It’s too many bags to take on the train, I know, but I’ve got three that I carry with me…every other weekend. The damn tan duffel that I stole from my Dad, my work bag and my other work bag. Every other weekend, it’s the same story. I ride the train for an hour and ten minutes, my three bags taking up the seat next to me, Facebook timeline scrolling in front of me on my dying phone, some stranger sitting too close. Some smell too rank.
And every time I make the trip, the fear and anxiety builds deep down in my gut. By the time I hit Peapack, I’m almost in a flop sweat. I hate staying at my home. My old home, really. I have an apartment near work in New York. I left after my husband was awarded the kids. It was the right choice. I fell just like a lot of people in my family fell before me, something I hoped I’d avoid. I had one too many fancy cocktails and drove the only car we had straight into a tree across the street from some Diner on Route 22. My kids were in the back.
Back then, we only had one car between the four of us, so my husband, ex-husband now I guess, had to borrow the neighbors car to come take care of our kids, which were fine. I was in the hospital for a week. Broken leg. Broken Collar bone. Concussion. We were divorced within 3 months, and the court awarded sole custody to my husband. It was only his pity and still powerful love for me that made him concede visitation rights. So I get to go back home every other weekend to see my son and daughter.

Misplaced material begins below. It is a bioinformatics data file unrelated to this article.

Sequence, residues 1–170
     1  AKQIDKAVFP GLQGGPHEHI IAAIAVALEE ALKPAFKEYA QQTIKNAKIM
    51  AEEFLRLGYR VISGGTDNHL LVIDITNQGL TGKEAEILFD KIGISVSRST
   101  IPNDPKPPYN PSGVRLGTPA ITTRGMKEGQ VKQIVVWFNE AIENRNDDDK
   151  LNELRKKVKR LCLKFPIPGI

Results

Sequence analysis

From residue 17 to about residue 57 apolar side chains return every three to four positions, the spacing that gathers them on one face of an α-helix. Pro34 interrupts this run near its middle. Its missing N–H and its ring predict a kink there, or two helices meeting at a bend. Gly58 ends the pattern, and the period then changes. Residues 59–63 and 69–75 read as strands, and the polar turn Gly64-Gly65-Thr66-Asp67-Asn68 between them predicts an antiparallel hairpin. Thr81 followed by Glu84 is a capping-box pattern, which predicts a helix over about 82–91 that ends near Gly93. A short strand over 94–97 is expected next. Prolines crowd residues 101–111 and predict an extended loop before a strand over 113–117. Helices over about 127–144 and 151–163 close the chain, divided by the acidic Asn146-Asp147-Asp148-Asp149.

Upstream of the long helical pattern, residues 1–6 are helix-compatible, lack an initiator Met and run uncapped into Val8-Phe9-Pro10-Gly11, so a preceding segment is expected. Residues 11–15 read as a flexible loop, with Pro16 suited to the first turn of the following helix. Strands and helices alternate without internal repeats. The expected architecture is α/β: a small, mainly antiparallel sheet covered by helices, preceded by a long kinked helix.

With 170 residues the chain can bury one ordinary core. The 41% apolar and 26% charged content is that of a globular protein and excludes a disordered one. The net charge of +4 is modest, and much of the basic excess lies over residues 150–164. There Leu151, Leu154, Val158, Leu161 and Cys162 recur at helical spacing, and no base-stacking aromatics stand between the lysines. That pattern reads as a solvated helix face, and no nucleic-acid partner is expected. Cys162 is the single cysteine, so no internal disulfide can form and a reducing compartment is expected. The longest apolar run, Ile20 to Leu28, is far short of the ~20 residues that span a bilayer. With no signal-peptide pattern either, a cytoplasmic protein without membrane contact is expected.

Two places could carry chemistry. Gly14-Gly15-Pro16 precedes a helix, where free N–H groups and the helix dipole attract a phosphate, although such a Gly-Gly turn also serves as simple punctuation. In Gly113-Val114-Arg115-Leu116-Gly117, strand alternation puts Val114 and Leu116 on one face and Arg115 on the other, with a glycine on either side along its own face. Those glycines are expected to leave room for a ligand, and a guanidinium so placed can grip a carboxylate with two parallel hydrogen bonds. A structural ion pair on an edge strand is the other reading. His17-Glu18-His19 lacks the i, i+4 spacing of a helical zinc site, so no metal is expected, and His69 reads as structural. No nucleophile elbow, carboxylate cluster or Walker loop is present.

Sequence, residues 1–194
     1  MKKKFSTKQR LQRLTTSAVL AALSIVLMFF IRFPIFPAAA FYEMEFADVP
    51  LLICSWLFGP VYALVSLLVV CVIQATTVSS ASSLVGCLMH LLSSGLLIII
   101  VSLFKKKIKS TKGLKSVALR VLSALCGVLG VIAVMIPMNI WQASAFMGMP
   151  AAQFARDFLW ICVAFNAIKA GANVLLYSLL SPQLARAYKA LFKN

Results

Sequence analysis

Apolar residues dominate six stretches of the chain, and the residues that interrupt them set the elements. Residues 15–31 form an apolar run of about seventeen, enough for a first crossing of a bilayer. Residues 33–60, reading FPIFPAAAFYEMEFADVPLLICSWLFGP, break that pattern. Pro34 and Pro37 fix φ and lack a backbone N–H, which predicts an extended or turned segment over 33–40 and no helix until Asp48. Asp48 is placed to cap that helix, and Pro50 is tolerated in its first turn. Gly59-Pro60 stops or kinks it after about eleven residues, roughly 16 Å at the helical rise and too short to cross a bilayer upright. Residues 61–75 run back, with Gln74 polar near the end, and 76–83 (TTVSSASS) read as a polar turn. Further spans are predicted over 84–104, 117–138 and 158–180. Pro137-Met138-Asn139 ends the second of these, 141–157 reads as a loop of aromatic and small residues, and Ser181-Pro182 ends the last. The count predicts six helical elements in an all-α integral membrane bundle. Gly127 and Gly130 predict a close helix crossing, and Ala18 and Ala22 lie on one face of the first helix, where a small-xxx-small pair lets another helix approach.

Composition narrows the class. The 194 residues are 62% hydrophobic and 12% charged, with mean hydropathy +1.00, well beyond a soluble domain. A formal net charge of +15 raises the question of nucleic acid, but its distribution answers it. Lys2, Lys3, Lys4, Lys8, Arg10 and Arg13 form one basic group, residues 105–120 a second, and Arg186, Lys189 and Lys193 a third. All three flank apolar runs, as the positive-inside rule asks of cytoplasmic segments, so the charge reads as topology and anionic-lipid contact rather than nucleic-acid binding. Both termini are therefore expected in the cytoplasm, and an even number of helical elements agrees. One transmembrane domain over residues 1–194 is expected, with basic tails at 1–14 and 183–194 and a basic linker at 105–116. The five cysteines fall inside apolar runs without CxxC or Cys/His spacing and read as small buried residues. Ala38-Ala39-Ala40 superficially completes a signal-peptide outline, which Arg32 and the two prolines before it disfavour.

That was 3 years ago. My daughter is now 8. She still remembers that night and a number of nights before that. My son just turned 4. He forgave me within a few weeks. It’s Samantha’s look that I fear the most. My husband’s look is one of pity. My daughter is afraid of me, afraid of what I was, and, I think what she may become.
But every other weekend, I pack my duffel with a few changes of clothes and fill my other work bag with a more comfortable pair of shoes and a few toiletries (I’ve never needed much). I lay on the couch in the house I helped pick out, and I hardly sleep for a few nights. But I show up because I think that’s the only way I can ever make amends to the little girl that grew in my belly, the little girl that looks just like my father and is just as quick to anger.
I show up, because that’s the one thing my father stopped doing.
On the Train – Where I envision the inner lives of my fellow commuters, completely unbeknownst to them. Every now and then, they might catch me staring a bit longer than makes them comfortable, but I’m just coming up with their backstory (Although I admit that’s about the same amount of creepy).